In case (like me) you weren’t able to attend the LCSNA’s by-all-accounts-fabulous Fall meeting in Los Angeles, host USC’s campus newspaper the Daily Trojan offers a helpful recap, although alas with some errors and omissions–the most egregious being that the names George and Linda Cassady, and also Daniel Singer, should have been front and center along with talented artist Karen Mortillaro. In addition to partnering with Karen and Daniel on planning the entire event, the Cassadys offered a private tour of their awe-inspiring Carroll collection at USC that has attendees still buzzing. They are also the driving force behind the Wonderland Award mentioned in the article. And just as Karen welcomed members for a private look at her studio, Daniel Singer kindly opened his home to members for a viewing of his own substantial Carrollian collection, as well. Our thanks once again to all who contributed to making this meeting so extraordinary, both the wonderful speakers on the podium (real and virtually) and those working behind the scenes to make the magic happen. By all accounts, it was a weekend that all attendees marked with a white stone.
To read about it in the Daily Trojan, click me!
A few weeks ago we blogged about the Arne Nixon Center‘s Alice exhibitions currently on display in Fresno, California. One of the artists featured in the collection is Karen Mortillaro, who does amazing “anamorphic” bronze sculptures. What is anamorphosis, you might ask?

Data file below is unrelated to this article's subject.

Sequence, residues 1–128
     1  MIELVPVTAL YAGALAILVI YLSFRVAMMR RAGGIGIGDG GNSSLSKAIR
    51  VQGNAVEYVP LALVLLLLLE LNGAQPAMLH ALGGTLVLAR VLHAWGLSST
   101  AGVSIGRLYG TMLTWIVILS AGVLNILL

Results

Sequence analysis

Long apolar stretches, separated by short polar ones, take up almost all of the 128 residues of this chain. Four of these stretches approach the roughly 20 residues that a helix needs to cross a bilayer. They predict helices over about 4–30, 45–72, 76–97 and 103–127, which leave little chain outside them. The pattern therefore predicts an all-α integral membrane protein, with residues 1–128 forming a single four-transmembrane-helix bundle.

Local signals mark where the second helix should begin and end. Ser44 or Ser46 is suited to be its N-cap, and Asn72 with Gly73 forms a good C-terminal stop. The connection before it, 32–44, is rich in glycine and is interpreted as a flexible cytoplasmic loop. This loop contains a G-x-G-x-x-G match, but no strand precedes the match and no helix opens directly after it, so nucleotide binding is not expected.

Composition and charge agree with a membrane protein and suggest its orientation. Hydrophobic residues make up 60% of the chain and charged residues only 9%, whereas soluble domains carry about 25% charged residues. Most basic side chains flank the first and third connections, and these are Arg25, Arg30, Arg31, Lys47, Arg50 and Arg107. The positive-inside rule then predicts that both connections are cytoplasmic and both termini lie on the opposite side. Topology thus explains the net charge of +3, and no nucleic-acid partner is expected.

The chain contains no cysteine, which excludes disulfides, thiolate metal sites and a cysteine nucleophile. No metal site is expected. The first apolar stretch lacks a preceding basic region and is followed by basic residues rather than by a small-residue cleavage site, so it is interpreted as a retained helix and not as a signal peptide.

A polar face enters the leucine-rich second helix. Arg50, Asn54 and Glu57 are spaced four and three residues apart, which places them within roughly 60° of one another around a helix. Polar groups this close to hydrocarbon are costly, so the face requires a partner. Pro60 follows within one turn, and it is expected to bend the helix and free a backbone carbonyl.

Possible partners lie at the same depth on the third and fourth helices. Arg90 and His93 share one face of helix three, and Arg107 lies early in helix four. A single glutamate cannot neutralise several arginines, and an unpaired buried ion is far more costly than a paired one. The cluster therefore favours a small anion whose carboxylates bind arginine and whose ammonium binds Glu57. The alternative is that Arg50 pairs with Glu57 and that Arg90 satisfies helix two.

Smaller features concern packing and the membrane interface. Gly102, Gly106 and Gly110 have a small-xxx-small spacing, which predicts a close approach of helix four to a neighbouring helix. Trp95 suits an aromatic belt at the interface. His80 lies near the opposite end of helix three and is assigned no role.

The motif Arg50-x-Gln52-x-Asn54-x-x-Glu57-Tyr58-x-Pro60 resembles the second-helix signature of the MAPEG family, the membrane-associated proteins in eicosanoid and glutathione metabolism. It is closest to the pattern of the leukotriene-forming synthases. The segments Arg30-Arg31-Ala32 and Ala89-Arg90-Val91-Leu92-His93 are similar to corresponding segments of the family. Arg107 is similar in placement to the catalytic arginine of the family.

Over the past thirteen years, Mortillaro has been exploring anamorphia. A concept taken from the past-from the Chinese, the Greeks, the Renaissance masters, and the 17th Century French-and brought it to the 21st Century. She literally has lifted the image from a flat page and made it a truly three-dimensional form.
If Fresno is not in your travel itinerary, Mortillaro’s website, www.karenmortillaro.com, has many images of her work in an anamorphic gallaery and a sculpture gallery, most of which is of Lewis Carroll characters.
Look under the News and Updates section of her site to see a rotating image of the 3D anamorphic art, and an explanation of the current project:
The Alice in Wonderland Bronze Collection is very pleased to announce the addition of anemographic sculptural illusions. Watch for the first release of this amazing art form. All twelve chapters will be explored, starting with Chapter I, “Alice Down the Rabbit Hole.” This is an extraordinary addition to the collection. Mortillaro is very pleased to announce this exciting new addition to the Alice in Wonderland Bronze Collection. If you have never experienced an anemographic illusion, you are in for a real treat.